Writing More Complex Forms

A very typical style of programming for terminal applications has been to have a screen that has a command line, typically at the bottom of the screen, and then some kind of list widget or other display taking up most of the screen, with a title bar at the top and a status bar above the command line. Variations on this scheme are found in applications like Mutt, less, Vim, irssi and so on.

To make writing these kinds of form easier, npyscreen provides a series of classes that are intended to work together.

FormMuttActive, FormMuttActiveWithMenus, FormMuttActiveTraditional, FormMuttActiveTraditionalWithMenus

These classes define the basic form. The following class attributes dictate exactly how the form is created:

MAIN_WIDGET_CLASS   = wgmultiline.MultiLine
STATUS_WIDGET_CLASS = wgtextbox.Textfield
COMMAND_WIDGET_CLASS= wgtextbox.Textfield

DATA_CONTROLER    = npysNPSFilteredData.NPSFilteredDataList

ACTION_CONTROLLER  = ActionControllerSimple

The default definition makes the following instance attributes available after initalization:

# Widgets -
self.wStatus1 # by default a title bar
self.wStatus2 # just above the command line
self.wMain    # the main area of the form - by default a MultiLine object
self.wCommand # the command widget

self.action_controller # not a widget. See below.

The form’s .value attribute is set to an instance of the object specified by DATA_CONTROLLER.

Typically, and application will want to define its own DATA_CONTROLLER and ACTION_CONTROLLER.

The difference between the traditional and non-traditional forms is that in the traditional form, the focus stays always with the command line widget, although some keypresses will be passed to the MAIN_WIDGET_CLASS - so that, from the user’s point of view, it looks as if he/she is interacting with both at once.

The TextCommandBox is like a usual text box, except that it passes what the user types to the action_controller. In addition, it can keep a history of the commands entered. See the documentation on ActionControllerSimple for more details.

This is the same as the TextCommandBox, except that it additionally will pass certain keystrokes to the widget specified by self.linked_widget. In the default case, any keystroke that does not match a handler in TextCommandBoxTraditional will be passed to the linked widget. Additionally, any keystroke that is listed in the list self.always_pass_to_linked_widget will be handled by the linked widget. However, if the current command line begins with any character that is listed in the class attribute BEGINNING_OF_COMMAND_LINE_CHARS, the user input will be handled by this class, not by the linked widget.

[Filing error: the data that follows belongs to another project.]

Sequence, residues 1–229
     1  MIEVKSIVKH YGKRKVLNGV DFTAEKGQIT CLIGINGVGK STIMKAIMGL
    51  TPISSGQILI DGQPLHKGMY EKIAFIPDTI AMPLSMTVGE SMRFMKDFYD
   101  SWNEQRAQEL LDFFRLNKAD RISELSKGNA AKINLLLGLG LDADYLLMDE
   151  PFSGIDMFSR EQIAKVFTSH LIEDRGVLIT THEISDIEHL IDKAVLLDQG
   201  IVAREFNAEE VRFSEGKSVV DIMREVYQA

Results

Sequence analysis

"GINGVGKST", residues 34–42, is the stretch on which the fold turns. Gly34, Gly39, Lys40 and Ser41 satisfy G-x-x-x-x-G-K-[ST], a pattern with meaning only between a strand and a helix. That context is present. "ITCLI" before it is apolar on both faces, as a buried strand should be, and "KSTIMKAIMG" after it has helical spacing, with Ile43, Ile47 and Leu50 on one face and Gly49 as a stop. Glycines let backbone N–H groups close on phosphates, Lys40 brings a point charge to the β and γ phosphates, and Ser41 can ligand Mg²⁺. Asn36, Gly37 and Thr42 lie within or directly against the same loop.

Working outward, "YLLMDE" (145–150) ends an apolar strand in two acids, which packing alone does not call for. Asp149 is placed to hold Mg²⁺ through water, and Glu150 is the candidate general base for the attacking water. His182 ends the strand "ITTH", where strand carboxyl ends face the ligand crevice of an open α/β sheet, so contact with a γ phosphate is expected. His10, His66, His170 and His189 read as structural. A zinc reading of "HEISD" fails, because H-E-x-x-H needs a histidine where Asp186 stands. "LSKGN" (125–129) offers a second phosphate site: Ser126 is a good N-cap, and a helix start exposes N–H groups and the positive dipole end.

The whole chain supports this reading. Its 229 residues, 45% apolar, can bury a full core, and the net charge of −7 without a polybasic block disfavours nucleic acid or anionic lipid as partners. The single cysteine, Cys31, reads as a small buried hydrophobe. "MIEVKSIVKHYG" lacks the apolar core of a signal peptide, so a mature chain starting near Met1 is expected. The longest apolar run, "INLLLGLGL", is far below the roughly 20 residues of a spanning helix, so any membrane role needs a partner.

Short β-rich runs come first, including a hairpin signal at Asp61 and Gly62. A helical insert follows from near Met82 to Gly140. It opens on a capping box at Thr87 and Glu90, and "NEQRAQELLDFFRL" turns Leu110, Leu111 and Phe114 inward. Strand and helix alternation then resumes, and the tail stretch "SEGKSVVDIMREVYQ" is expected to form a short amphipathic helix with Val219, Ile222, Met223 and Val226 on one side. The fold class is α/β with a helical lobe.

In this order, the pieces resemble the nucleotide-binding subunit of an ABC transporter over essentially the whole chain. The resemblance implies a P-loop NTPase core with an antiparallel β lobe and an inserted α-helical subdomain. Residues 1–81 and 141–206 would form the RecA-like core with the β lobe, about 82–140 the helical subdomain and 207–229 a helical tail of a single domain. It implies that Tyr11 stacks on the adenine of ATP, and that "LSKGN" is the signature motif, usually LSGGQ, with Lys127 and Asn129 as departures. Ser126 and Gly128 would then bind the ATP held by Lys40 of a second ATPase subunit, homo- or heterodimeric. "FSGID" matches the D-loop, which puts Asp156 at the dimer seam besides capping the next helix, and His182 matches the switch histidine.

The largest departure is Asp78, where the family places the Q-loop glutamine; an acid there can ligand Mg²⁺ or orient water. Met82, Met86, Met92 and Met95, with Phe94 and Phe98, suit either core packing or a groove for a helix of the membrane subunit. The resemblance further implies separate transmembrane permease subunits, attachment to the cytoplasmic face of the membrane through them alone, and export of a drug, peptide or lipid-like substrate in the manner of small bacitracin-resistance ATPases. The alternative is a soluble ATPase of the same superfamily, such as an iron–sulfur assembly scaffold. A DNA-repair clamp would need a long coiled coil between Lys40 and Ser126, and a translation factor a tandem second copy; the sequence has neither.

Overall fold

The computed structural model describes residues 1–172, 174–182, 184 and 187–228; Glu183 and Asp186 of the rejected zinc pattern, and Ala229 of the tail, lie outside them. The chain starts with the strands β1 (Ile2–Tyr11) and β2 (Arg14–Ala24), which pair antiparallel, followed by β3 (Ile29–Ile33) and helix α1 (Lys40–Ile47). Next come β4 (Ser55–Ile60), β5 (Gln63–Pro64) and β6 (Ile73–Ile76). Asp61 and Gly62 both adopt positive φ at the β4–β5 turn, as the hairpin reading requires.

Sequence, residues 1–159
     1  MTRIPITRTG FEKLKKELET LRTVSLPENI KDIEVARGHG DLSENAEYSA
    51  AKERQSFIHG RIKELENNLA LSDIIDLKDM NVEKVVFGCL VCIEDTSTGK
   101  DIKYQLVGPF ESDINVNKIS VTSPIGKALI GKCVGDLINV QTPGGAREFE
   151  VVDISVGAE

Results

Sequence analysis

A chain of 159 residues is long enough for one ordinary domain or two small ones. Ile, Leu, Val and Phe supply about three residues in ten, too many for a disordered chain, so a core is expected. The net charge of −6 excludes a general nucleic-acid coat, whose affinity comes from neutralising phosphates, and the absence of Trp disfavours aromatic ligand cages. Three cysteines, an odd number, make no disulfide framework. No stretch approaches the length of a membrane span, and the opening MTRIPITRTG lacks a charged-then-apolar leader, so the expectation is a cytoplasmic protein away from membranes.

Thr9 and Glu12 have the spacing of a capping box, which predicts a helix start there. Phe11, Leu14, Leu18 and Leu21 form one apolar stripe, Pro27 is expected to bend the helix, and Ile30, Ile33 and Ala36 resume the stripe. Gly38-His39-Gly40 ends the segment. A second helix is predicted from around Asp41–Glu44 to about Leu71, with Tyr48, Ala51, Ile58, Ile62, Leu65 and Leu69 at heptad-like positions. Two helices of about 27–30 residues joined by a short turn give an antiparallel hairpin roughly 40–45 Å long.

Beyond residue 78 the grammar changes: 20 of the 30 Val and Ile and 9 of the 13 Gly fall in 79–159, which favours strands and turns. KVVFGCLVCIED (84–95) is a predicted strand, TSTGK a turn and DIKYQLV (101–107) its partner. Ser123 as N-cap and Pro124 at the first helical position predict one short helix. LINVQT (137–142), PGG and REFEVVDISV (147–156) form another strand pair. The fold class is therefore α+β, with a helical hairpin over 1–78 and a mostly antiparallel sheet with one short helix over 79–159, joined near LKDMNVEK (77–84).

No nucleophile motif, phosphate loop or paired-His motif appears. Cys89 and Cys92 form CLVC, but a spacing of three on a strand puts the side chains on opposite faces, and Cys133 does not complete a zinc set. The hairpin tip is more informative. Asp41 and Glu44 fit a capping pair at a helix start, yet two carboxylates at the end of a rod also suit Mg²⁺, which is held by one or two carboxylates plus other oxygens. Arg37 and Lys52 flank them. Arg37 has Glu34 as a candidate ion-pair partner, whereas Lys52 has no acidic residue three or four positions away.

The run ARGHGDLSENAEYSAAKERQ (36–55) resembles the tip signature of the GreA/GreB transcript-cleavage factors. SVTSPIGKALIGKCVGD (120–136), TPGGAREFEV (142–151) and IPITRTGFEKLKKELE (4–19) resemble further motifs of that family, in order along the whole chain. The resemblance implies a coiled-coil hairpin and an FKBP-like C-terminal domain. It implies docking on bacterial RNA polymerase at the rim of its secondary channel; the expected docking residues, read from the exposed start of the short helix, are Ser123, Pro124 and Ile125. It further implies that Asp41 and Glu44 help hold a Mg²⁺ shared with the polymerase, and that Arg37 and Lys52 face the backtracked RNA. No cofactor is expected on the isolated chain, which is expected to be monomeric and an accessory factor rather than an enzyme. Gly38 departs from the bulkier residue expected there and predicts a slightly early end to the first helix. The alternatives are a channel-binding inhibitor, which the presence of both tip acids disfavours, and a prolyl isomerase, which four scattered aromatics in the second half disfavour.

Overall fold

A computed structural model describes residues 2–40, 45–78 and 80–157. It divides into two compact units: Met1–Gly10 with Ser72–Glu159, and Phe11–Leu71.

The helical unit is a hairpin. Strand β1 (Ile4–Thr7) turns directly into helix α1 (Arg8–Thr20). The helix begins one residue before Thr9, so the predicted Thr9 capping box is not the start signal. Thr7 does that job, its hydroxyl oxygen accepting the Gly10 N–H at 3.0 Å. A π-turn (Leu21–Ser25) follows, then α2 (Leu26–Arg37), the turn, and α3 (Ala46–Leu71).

This is rather complicated, but an example will make it clearer. The default BEGINNING_OF_COMMAND_LINE_CHARS specifies that ‘:’ or ‘/’ marks the beginning of a command. After that point, keypresses are handled by this widget, not by the linked widget, so that the up and down arrows start to navigate the command history. However, if the command line is currently empty, those keys navigate instead the linked widget.

As in the TextCommandBox widget, the value of the command line is passed to the parent form’s action_controller object.


This object receives command lines and executes call-back functions.

It recognises two types of command line - a “live” command line, where an action is taken with every change in the command line, and a command that is executed when the return key is pressed.

Callbacks are added using the add_action(ident, function, live), method. ‘ident’ is a regular expression that will be matched against the command line, function is the callback itself and live is either True or False, to specify whether the callback should be executed with every keypress (assuming that ‘ident’ matches).

Command lines that match the regular expression ‘ident’ cause the call-back to be called with the following arguments: call_back(command_line, control_widget_proxy, live=True). Here command_line is the string that is the command line, control_widget_proxy is a weak reference to the command line widget, and live specifies whether the function is being called ‘live’ or as a result of a return.

The method create() can be overridden. It is called when the object is created. The default does nothing. You probably want to use this as a place to call self.add_action.

The default NPSFilteredDataBase class suggests how the code to manage the display might be separated out into a separate object. The precise methods will be very application dependent. This is not an essential part of this kind of application, but it is good practice to keep the logic of (for example) database access separate from the logic of the user interface.

Example Code

The following example shows how this model works. The application creates an ActionController that has a search action. This action calls the user-defined function set_search, which communicates with the Form’s parent.value (actually a NPSFilteredDataBase class). It then uses this class to set the values in wMain.values and calls wMain.display() to update the display.

FmSearchActive is simply a FormMuttActiveTraditional class, with a class attribute that specifies that the form should use our action controller:

class ActionControllerSearch(npyscreen.ActionControllerSimple):
    def create(self):
        self.add_action('^/.*', self.set_search, True)

    def set_search(self, command_line, widget_proxy, live):
        self.parent.wMain.values = self.parent.value.get()

class FmSearchActive(npyscreen.FormMuttActiveTraditional):
    ACTION_CONTROLLER = ActionControllerSearch

class TestApp(npyscreen.NPSApp):
    def main(self):
        F = FmSearchActive()
        F.wStatus1.value = "Status Line "
        F.wStatus2.value = "Second Status Line "
        F.value.set_values([str(x) for x in range(500)])
        F.wMain.values = F.value.get()


if __name__ == "__main__":
    App = TestApp()